The researchers also needed to prove that color change is scientifically possible for sharks, so they needed to investigate the skin cells for molecular proof. In species that are currently observed to change color easily, their skin cells contain melanocytes that produce melanin as the cell contracts.

To find out if the sharks could physically change color, the researchers planned to expose shark skin cells to various hormones: melanocyte-stimulating hormone (MSH), adrenaline, and melanin itself. They gathered skin cells from the sharks using a dart gun, and took them back to the lab.

To the researchers' surprise, when they exposed the shark cells to MSH, the melanocytes in the cells dispersed, making the tissue darker. When exposed to adrenaline, the tissue got lighter in color. Melatonin triggered the tissue to become a mixture of light and dark.

However, these results were from an extremely small sample size of three sharks. More data needs to be collected to make the results statistically sound.

"We need to do it clinically," Kuguru tells Newsweek. "I would say, based on what we've seen already, we wouldn't need many more individuals to complete the analyses. Between five to 15 samples for a whole sample set. It's worth realizing that we sub-sample each individual sample so that we test the hormone on each individual multiple times. So we will have potentially three to four times the amount of data from an individual shark."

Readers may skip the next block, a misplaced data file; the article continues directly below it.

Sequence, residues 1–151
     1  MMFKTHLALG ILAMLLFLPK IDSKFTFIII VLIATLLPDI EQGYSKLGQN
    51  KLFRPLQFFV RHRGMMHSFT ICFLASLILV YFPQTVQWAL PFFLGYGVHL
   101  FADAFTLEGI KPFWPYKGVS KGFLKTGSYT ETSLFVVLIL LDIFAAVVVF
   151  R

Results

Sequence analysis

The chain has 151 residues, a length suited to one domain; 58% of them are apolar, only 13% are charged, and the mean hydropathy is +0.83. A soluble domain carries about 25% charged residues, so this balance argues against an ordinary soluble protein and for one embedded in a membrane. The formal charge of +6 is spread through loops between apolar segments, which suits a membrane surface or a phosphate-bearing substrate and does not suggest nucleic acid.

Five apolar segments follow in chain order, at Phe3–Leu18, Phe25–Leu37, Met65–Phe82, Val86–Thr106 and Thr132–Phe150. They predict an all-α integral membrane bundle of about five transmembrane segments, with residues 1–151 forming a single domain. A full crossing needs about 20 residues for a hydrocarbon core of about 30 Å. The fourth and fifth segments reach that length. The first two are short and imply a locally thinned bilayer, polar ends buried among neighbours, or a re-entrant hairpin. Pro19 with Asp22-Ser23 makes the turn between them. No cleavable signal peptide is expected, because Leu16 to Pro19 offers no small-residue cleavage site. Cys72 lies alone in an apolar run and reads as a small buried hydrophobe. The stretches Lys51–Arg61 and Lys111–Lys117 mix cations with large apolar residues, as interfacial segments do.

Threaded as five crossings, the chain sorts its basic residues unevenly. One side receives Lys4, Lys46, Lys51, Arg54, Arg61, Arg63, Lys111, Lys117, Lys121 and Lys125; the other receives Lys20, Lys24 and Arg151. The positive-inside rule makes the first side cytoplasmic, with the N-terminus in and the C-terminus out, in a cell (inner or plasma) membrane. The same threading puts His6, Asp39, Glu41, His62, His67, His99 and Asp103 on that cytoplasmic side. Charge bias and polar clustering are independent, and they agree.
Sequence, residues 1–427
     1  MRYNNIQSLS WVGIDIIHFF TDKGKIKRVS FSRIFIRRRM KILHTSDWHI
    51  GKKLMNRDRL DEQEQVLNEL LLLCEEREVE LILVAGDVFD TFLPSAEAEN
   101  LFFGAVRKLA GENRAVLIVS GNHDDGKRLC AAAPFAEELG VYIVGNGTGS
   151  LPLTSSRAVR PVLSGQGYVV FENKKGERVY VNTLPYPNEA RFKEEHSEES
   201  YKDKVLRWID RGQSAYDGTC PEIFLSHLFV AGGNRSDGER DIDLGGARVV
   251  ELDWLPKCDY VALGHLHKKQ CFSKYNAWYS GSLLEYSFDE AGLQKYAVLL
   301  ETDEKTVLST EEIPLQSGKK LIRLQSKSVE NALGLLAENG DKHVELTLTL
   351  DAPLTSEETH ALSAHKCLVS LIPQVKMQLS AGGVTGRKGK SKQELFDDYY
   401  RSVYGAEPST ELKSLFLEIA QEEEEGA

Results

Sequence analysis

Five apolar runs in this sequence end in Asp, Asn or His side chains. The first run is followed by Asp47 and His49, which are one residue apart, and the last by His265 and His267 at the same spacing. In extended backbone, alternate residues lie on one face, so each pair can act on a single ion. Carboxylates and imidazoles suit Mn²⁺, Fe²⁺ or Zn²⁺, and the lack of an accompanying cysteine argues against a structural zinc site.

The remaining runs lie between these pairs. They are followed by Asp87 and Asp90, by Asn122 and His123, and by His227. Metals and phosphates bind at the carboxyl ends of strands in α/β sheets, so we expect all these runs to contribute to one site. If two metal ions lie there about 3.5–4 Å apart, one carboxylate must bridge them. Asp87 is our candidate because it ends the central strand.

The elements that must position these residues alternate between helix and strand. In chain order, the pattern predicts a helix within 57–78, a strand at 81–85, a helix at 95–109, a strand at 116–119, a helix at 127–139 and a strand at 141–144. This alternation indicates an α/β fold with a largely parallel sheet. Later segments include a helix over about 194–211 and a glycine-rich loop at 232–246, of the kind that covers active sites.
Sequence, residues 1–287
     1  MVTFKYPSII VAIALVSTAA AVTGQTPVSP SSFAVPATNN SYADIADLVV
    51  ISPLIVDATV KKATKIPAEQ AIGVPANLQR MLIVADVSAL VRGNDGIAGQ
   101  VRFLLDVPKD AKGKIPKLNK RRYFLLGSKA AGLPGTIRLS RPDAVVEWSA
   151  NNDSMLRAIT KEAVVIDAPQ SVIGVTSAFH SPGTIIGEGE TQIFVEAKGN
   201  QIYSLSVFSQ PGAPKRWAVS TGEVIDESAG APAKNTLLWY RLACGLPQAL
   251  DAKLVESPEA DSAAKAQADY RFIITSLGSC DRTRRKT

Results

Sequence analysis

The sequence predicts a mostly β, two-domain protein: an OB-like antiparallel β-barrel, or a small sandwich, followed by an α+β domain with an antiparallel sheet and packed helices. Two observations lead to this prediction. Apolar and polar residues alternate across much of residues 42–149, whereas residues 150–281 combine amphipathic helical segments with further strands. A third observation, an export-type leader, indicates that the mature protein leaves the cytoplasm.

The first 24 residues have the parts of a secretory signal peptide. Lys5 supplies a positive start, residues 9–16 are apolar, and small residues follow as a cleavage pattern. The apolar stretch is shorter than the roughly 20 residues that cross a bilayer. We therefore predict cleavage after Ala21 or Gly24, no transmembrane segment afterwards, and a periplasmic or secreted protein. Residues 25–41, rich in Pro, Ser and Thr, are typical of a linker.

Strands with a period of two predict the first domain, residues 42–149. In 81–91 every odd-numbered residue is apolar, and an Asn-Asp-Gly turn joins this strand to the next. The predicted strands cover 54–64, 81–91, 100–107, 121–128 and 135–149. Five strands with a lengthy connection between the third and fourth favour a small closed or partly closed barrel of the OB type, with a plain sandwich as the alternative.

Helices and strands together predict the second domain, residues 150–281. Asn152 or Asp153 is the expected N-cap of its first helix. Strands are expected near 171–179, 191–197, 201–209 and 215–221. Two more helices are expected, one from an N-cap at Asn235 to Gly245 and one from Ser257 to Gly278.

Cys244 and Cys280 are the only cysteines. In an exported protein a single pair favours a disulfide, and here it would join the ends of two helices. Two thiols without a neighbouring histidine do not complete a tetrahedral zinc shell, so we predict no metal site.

While the results of the documentary aren't yet ready to publish in a peer-reviewed journal, the scientists are thrilled to get the opportunity to make a film about the research process, rather than just the results.

"This project was conceived from a hunch, and essentially National Geographic, which I'm eternally grateful for, had that faith to believe in this hunch, and put their resources behind it, allowing myself and Gibbs to go actually out and as we were making the documentary to do the scientific research, not knowing what the results were going to be," Johnson says. "So it was very organic, very stressful. But obviously, you know, we're still at a very early stage at getting the answers and having all the answers that we want."

Kuguru agrees, and felt that it was a special experience to go out and research an interesting idea that might not end up with world-saving or groundbreaking results.

"Oftentimes, with science, the research agenda is preset. So the fact that we got to go out and do this experiment: that's never been done before," Kuguru says. "In the old days, science used to be, "Hey, I have a super creative idea. Let me see." I feel like National Geographic has opened up this avenue for me as a scientist to just explore an idea that I didn't fathom before."

Camo Sharks kicks off Sharkfest July 10 at 10/9c on National Geographic.